Microsoft Edge Switching

Edge UWP is no more, as Microsoft commits to rebuilding it from the ground up as a desktop app, this time powered by Chromium.

Microsoft has officially announced that it is bringing Chromium engine to Microsoft Edge. The open-source Web rendering engine is already available to the masses through Google’s Chrome browser. The Redmond-based giant also wants to become a “significant contributor” to the Chromium project. Alongside switching to Chromium engine, Microsoft has revealed that it is expanding its Edge to Apple’s macOS. A Chromium version of the Edge browser is also reaching previous Windows platforms, including Windows 7 and Windows 8.

By switching to Chromium, Microsoft is finally ditching the existing EdgeHTML browser engine. The company is set to align Microsoft Edge simultaneously with Web standards and with other Chromium-based browsers. This will help Web developers easily test their new projects, without making any tweaks to make them compatible with the Edge browser. Microsoft is also committing to improve the Chromium project by working on features such as ARM64 support, Web accessibility, and touch support.

For the end users, the switch is vital as it will help Microsoft Edge address the ongoing compatibility issues with a large number of websites. Support for browser engines such as Blink and V8 JavaScript will also come to the Edge as these are a part of the Chromium project that has Adobe, Google, Intel, Opera Software amongst its key contributors.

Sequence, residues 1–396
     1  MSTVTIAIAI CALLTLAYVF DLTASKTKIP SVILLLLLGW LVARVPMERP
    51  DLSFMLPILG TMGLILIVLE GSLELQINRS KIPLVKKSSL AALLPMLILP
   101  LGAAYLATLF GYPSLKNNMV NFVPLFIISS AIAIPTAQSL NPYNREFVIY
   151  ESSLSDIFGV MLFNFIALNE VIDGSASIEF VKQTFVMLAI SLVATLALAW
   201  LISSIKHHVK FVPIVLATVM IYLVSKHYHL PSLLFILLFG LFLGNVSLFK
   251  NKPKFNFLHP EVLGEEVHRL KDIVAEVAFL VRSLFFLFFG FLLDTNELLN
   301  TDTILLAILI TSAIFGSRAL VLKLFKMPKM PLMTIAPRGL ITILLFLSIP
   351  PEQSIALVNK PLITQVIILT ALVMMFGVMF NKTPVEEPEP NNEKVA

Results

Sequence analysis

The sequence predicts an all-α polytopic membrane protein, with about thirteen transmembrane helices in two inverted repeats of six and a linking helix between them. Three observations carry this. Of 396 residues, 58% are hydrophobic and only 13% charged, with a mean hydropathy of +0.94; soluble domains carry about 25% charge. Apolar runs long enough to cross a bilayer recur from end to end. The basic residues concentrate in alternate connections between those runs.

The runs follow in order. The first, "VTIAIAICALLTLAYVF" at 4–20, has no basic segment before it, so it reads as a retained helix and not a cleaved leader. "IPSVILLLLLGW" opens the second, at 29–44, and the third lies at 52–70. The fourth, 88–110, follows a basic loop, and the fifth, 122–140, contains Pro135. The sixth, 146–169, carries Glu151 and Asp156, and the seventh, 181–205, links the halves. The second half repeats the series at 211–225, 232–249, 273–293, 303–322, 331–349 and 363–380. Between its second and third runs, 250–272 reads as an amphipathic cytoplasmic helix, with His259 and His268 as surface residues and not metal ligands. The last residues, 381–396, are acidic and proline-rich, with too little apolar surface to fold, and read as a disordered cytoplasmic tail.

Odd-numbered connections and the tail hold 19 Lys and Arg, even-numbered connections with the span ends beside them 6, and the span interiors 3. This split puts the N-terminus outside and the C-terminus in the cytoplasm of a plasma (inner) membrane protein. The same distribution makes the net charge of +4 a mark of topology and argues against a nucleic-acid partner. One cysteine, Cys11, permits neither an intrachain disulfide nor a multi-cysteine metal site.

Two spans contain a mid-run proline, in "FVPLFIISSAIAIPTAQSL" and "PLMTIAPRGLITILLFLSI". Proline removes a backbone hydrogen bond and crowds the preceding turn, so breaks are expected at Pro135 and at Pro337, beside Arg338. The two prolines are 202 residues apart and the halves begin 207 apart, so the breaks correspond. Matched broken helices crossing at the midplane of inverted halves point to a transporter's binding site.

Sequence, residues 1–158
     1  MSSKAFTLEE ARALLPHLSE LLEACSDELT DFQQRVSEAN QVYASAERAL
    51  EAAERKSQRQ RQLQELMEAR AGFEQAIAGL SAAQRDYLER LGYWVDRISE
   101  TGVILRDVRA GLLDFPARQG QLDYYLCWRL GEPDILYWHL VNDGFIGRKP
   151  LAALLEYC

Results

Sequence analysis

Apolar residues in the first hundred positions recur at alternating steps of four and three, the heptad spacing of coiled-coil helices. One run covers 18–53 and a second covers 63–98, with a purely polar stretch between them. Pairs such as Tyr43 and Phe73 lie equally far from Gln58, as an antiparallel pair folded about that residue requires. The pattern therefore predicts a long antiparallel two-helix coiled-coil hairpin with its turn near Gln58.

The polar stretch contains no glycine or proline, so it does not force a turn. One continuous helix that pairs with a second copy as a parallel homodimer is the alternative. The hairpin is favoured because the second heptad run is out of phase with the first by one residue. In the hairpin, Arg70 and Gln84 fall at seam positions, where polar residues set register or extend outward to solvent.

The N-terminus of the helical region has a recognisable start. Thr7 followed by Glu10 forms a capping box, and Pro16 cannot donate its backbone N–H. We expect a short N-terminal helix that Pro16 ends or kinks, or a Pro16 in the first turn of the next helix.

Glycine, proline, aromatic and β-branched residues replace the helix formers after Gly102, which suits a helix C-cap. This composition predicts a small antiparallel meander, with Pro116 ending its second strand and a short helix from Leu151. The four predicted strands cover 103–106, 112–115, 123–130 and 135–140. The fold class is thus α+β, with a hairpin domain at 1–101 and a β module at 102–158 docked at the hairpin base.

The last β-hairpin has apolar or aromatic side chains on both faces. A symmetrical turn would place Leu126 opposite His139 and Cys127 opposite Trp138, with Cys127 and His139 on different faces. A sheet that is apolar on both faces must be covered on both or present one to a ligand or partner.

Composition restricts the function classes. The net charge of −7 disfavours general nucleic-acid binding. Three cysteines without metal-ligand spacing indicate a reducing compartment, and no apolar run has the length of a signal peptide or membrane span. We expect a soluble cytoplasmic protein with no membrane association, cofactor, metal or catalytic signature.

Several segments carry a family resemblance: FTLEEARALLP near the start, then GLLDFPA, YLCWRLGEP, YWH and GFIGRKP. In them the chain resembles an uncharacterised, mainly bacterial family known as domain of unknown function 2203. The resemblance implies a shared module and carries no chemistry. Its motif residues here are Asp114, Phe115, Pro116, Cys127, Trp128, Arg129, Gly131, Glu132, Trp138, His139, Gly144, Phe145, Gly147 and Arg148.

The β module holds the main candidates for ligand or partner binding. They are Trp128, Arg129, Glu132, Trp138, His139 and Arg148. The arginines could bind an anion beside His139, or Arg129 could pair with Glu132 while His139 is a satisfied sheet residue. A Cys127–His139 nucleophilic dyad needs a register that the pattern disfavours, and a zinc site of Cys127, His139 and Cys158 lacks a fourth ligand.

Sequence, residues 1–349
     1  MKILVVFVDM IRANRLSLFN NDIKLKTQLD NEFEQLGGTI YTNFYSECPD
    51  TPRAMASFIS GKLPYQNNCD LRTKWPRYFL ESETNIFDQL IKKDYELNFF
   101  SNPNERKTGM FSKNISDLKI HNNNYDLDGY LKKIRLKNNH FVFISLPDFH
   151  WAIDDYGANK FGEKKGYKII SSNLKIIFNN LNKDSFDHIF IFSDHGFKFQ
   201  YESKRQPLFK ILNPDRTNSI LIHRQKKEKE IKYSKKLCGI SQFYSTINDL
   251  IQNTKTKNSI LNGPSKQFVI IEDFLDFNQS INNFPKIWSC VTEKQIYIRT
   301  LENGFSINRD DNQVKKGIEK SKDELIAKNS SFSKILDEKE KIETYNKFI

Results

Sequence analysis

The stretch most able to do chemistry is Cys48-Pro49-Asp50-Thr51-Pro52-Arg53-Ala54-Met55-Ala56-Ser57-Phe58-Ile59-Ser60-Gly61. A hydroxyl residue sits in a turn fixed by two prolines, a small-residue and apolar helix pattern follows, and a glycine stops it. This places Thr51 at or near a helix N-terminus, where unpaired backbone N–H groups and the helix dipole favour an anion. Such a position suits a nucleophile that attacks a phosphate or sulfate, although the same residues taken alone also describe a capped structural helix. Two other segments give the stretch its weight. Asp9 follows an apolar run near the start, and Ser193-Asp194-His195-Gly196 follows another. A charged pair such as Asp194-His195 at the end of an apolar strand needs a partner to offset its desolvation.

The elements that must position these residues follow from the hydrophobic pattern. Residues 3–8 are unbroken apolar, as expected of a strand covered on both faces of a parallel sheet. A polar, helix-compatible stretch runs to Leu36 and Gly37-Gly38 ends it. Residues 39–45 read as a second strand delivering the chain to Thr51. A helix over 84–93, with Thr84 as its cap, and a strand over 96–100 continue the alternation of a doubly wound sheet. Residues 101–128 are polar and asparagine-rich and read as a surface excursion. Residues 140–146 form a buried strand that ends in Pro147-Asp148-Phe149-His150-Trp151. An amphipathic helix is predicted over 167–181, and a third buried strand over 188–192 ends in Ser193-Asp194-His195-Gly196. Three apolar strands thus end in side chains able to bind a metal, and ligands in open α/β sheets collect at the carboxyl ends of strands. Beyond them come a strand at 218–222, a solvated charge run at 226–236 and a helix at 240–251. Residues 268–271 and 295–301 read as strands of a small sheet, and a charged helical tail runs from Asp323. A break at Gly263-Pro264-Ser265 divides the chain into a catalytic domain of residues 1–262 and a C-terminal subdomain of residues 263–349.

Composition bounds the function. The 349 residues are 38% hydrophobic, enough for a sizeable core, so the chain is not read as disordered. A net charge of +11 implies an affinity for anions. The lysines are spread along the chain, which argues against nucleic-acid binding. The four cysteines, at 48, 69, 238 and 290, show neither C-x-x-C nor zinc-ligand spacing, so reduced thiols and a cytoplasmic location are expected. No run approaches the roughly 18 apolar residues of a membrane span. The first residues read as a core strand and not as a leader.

People using Microsoft Edge (and potentially other browsers) will experience improved compatibility with all websites while getting the best possible battery life and hardware integration on all kinds of Windows devices.

Microsoft is sticking with the Edge branding with its new browser, and most users will notice very little change when this new version of Edge is ready to replace the existing version as the default browser on Windows 10. It’s likely we’ll see the UI change a bit, some old features get removed, and some new features show up, but the number one benefit for moving to Chromium is that web pages will render better using Chromium’s Blink rendering engine.

Microsoft is going to start partaking much more in the development of Chromium, as Chromium is an open-source project. Up until now, Google has been the only major player contributing code to the Chromium project, but now Microsoft is in the game and is ready to commit code to improve Chromium. For example, Microsoft knows that Chrome isn’t as good as the current Edge at touch scrolling, so it’s going to work on improving that experience in Chromium so that the new Edge doesn’t miss out on that smooth scrolling experience.